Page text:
This post was most recently updated on March 29th, 2019
(Update: I’ve written a new Skillshare review for 2019, covering the changes they made in 2018)
It’s January 2018! We’ve been on Skillshare for almost two years, have taken many classes as students, and have taught dozens of our own classes. Here you can see when we joined…
We also run two of the most popular Facebook Groups dedicated to Skillshare on Facebook. (Feel free to join us at “Free, Premium Skillshare Classes” (promotions), “Skillshare Mastermind” (discussions), or both) 🙂
In our Skillshare review for 2018, we look at whether a Skillshare membership makes sense from the point of view of a student and a teacher…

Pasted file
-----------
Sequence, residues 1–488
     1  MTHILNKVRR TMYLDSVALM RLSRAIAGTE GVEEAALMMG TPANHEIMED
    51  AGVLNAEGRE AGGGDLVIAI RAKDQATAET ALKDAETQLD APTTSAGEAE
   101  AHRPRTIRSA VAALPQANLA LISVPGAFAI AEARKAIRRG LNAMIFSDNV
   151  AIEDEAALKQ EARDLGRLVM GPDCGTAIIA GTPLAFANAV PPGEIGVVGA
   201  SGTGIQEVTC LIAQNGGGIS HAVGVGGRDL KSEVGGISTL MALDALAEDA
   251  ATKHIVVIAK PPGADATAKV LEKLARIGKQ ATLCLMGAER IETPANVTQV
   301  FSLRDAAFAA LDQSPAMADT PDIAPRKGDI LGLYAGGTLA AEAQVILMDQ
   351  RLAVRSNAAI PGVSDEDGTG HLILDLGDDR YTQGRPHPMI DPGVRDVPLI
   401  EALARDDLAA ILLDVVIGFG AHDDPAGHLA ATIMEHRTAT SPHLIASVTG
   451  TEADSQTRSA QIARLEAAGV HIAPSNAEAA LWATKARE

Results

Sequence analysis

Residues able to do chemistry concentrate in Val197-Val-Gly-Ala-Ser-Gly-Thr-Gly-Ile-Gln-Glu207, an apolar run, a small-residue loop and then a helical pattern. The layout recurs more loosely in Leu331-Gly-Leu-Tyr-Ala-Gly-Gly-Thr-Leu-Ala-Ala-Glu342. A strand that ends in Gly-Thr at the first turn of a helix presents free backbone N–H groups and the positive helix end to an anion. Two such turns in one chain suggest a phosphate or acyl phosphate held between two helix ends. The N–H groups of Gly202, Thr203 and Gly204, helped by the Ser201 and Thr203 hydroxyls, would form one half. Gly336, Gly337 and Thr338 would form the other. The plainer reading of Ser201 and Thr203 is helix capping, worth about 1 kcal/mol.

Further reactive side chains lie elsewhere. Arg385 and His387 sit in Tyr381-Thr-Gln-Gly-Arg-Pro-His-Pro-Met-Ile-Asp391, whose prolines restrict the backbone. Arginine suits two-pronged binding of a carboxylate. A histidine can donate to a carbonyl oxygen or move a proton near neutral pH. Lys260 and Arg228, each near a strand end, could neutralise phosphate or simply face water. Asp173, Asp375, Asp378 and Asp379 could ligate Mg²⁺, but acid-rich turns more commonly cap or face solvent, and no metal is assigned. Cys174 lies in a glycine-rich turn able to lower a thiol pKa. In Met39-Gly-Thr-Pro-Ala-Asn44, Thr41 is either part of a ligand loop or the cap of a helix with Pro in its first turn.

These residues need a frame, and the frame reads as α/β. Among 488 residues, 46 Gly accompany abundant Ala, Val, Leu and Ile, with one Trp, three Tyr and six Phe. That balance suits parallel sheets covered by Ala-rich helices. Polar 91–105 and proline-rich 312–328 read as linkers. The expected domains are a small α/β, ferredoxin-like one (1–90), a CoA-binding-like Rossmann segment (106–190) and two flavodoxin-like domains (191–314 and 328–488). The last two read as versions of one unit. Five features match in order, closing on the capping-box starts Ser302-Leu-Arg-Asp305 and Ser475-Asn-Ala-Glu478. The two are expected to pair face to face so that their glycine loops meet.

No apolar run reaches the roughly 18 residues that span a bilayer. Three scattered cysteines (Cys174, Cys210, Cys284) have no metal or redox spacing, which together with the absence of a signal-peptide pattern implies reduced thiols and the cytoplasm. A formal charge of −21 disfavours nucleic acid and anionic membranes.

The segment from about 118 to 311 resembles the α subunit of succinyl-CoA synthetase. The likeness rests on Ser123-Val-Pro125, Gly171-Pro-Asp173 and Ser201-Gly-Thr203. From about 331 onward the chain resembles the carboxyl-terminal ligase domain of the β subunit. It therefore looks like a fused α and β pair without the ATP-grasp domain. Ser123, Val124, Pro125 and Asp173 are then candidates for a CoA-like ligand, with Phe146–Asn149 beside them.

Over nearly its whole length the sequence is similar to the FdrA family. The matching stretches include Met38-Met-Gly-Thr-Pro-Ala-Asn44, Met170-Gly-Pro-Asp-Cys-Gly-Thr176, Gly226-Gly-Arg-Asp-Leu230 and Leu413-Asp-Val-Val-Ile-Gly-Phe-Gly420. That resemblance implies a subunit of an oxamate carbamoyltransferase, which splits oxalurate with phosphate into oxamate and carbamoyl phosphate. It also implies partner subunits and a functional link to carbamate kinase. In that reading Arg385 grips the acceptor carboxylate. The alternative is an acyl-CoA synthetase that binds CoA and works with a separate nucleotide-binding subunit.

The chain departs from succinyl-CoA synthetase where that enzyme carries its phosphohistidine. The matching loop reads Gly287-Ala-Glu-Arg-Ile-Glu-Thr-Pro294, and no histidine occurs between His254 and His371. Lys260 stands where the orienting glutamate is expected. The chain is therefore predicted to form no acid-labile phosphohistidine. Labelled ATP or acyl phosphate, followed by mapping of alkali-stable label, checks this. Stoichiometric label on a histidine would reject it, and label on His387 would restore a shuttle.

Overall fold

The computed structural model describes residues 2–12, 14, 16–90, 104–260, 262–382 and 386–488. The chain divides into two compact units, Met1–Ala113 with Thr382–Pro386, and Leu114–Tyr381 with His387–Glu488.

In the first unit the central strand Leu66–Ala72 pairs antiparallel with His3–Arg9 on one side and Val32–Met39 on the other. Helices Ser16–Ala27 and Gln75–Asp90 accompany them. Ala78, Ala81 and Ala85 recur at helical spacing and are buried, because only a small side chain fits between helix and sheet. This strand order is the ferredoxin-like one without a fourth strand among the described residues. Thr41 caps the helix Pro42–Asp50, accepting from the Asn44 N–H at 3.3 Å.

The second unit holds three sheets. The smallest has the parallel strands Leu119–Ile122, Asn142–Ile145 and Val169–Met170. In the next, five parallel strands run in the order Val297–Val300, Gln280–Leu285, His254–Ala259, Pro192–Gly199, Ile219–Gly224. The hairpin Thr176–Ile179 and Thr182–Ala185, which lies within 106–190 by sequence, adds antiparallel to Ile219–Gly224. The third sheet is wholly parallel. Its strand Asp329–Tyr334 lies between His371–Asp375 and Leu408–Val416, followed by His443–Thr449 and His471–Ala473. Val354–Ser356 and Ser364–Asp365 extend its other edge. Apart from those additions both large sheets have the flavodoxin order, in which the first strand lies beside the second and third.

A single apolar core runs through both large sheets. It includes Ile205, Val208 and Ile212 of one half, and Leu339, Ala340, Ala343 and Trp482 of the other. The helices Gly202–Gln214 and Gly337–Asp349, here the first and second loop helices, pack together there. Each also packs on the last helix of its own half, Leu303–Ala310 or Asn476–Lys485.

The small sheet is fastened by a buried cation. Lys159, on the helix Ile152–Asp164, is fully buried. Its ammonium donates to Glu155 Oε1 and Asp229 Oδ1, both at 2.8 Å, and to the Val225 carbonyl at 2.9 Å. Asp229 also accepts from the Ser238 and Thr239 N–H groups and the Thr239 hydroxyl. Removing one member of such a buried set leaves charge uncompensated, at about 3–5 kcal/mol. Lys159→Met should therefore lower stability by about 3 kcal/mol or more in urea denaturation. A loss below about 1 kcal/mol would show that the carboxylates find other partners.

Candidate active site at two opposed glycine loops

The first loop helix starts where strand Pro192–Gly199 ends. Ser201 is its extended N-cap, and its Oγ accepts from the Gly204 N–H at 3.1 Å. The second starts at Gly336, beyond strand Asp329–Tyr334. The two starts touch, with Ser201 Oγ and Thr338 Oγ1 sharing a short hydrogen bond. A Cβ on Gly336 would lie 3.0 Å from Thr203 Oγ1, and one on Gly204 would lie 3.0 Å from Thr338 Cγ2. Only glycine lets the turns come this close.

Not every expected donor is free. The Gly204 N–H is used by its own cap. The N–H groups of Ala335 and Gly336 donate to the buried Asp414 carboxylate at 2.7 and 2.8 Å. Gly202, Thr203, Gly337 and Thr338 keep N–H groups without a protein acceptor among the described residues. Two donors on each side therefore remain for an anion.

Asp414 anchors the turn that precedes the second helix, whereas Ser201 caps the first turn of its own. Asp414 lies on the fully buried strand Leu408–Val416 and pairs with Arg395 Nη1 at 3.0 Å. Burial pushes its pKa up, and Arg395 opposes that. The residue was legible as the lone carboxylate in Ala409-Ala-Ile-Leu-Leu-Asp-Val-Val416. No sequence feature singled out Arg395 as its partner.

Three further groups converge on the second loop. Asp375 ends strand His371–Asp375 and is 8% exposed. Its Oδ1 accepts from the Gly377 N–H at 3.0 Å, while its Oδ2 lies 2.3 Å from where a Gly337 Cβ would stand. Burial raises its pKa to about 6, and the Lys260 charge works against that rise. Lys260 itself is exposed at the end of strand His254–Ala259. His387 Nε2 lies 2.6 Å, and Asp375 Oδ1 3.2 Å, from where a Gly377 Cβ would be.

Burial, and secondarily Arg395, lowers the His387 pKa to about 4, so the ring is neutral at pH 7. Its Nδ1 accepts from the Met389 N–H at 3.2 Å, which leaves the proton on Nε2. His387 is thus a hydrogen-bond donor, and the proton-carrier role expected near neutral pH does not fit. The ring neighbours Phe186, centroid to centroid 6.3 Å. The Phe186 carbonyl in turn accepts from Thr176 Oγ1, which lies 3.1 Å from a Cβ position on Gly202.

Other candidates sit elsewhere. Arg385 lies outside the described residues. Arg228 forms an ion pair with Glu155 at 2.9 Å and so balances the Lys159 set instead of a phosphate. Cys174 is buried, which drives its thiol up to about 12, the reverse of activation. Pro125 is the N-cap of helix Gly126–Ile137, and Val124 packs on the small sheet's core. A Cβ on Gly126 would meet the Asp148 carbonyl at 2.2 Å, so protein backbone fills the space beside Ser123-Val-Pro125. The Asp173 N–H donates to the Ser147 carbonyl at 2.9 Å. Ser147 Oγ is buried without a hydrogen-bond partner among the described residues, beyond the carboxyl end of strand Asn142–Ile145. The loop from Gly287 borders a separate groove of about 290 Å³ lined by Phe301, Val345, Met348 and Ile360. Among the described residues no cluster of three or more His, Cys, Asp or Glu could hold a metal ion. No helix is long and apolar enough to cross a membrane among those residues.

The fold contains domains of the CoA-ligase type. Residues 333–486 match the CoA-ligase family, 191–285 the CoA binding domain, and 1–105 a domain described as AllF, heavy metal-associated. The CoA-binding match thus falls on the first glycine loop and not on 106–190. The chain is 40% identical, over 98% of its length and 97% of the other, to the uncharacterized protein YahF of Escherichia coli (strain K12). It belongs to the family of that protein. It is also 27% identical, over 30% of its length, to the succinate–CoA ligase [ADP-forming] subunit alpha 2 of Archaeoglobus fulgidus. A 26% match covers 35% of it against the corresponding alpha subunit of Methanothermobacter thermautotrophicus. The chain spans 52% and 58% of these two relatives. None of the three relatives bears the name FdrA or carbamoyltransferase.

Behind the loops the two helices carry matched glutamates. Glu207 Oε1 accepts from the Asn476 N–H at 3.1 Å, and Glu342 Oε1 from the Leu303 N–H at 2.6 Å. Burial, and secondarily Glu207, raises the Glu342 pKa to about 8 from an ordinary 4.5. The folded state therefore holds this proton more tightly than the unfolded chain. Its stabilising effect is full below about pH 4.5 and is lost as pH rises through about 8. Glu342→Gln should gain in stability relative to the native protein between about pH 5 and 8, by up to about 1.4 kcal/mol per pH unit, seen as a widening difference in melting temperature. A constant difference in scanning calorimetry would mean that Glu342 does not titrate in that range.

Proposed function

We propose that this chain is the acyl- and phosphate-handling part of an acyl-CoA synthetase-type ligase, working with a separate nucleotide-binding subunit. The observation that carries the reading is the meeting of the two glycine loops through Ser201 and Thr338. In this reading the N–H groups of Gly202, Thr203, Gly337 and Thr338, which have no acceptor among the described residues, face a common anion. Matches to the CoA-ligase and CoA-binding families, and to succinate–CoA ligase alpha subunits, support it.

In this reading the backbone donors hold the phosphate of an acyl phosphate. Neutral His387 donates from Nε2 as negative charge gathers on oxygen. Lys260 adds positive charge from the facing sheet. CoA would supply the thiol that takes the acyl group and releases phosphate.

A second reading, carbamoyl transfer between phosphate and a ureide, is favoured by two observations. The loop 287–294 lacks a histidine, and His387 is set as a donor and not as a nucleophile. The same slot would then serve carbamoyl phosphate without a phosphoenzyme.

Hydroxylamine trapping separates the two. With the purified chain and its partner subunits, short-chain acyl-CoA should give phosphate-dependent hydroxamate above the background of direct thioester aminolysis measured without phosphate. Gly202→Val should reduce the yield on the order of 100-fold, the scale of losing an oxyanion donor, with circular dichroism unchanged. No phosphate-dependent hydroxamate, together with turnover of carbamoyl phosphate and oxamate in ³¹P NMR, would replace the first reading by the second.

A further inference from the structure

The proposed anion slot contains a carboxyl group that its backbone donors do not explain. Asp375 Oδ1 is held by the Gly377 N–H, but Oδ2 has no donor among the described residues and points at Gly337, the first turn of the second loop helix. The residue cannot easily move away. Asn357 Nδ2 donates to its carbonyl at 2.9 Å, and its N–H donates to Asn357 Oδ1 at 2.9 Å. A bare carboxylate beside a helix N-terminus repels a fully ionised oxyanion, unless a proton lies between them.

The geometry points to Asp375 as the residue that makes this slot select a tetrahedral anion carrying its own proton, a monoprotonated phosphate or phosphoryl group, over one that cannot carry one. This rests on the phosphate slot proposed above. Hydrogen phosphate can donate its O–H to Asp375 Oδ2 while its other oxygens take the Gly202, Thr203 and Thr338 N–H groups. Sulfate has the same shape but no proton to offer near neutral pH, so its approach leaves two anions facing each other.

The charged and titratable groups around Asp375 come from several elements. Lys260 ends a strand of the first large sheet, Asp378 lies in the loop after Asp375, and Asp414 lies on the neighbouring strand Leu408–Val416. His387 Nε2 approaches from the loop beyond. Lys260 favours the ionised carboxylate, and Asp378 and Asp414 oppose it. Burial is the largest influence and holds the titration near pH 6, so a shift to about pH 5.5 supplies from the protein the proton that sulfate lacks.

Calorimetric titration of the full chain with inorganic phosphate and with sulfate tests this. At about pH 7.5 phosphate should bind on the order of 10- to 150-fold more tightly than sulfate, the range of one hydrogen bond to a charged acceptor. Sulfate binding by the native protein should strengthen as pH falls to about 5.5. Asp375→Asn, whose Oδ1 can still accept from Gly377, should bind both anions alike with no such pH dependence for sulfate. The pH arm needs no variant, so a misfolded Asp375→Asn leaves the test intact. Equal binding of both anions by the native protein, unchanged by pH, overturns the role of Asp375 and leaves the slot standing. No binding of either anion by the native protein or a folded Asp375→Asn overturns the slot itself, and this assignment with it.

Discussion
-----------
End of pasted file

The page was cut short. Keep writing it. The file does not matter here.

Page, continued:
Not many people know you can get a 100% free Skillshare account by going through the signup process, but not entering credit card details (watch our walkthrough video, here). With the free account, you can take any of the thousands of free classes at Skillshare, and redeem free access links to premium classes given out by teachers.
Getting a free account may make sense to you, or you could take advantage of the current “3 months for 99c” offer to become an immediate premium member which unlocks access to the full catalogue of 18,000 classes on Skillshare.
Teachers can earn money publishing their classes at Skillshare, which can be as short at 10 minutes, providing they teach a skill. In return, teachers earn a share of the Skillshare royalty pool, which is equivalent to roughly 5 cents per premium minute. It’s a great way to get started teaching online.
Note, you don’t have to be a premium member to teach on Skillshare, so getting a free account would also let you start teaching on Skillshare.
Good luck! 🙂
PS, there are legitimate ways to get a free, premium Skillshare account. If you’re interested in those, click here.